Q&A: Coronary stenting

A chest X-ray showing the heart and arteries.
Image caption A coronary stent is used to treat coronary heart disease and angina.

The Duke of Edinburgh has undergone treatment for a blocked coronary artery at Papworth Hospital, Cambridge, after complaining of chest pains.

Buckingham Palace has confirmed that Prince Philip, 90, underwent an "invasive procedure of coronary stenting", a type of angioplasty. So what exactly is that and why would it be done?

What is an angioplasty?

It is a procedure to unblock a coronary artery. These arteries supply the heart muscles with blood, which they need to stay healthy and functional like any other organ. If the heart muscle is damaged, it impairs the ability of the heart to pump blood around the body.

Under local anaesthetic, a small balloon is inserted with a 2mm-diameter tube via an artery in the groin or arm and guided to the blockage.

Once in place, the balloon is inflated. Dr Simon Davies, consultant interventional cardiologist at the Royal Brompton Hospital in London, said: "That forces the material that is blocking the artery outwards and then gets the blood flowing down the artery again.

"The stent is like a little metal sleeve fitted over the balloon when it is blown up. This metallic sleeve is opened up and then when the balloon is deflated and withdrawn the stent stays behind."

Why would someone be given a stent?

The British Heart Foundation says coronary angioplasty and stents are used to treat coronary heart disease and severe chest pain, known as angina.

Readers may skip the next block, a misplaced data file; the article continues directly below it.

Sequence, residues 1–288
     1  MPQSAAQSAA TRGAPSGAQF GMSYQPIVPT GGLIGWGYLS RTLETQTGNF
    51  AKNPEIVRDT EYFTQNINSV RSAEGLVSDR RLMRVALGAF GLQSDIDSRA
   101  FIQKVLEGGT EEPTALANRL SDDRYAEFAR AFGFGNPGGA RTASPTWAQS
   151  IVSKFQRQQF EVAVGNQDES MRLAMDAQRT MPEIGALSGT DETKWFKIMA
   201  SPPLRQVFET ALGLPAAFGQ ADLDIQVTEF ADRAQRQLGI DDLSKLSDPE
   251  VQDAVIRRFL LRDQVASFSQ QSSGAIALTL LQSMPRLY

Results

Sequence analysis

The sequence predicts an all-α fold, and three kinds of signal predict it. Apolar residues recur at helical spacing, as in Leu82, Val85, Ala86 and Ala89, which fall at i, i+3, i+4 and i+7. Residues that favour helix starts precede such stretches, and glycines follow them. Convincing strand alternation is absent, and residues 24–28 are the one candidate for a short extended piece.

The procedure can help relieve angina symptoms and is sometimes used as an emergency treatment for people who have had a heart attack or unstable angina - that which comes on with less physical activity or even while you are resting.

Dr Davies said that when a person suffers chest pains it can - but does not necessarily - mean that "one or more of the coronary arteries is badly narrowed or perhaps blocked".

In serious cases, it can mean that blood is not passing through that artery. This means the muscle is starved of oxygen and may be in danger of dying - in other words the person could be on the verge of, or having, heart attack, Dr Davies said.

What are the risks of an angioplasty?

It is a commonly used procedure and the chances of recovery are generally good. However, consultant surgeon Shyam Kolvekar said the risks of the procedure increase with age.

With regards to a 90-year-old, he said: "At this age the arteries are quite thick and you may not even be able to pass a needle or plastic tube through it and that becomes quite difficult.

"The balloon may not even work to open this artery and the stent may not be able to deploy. So those are the risks at that age but it is one of the best treatments at that age too."

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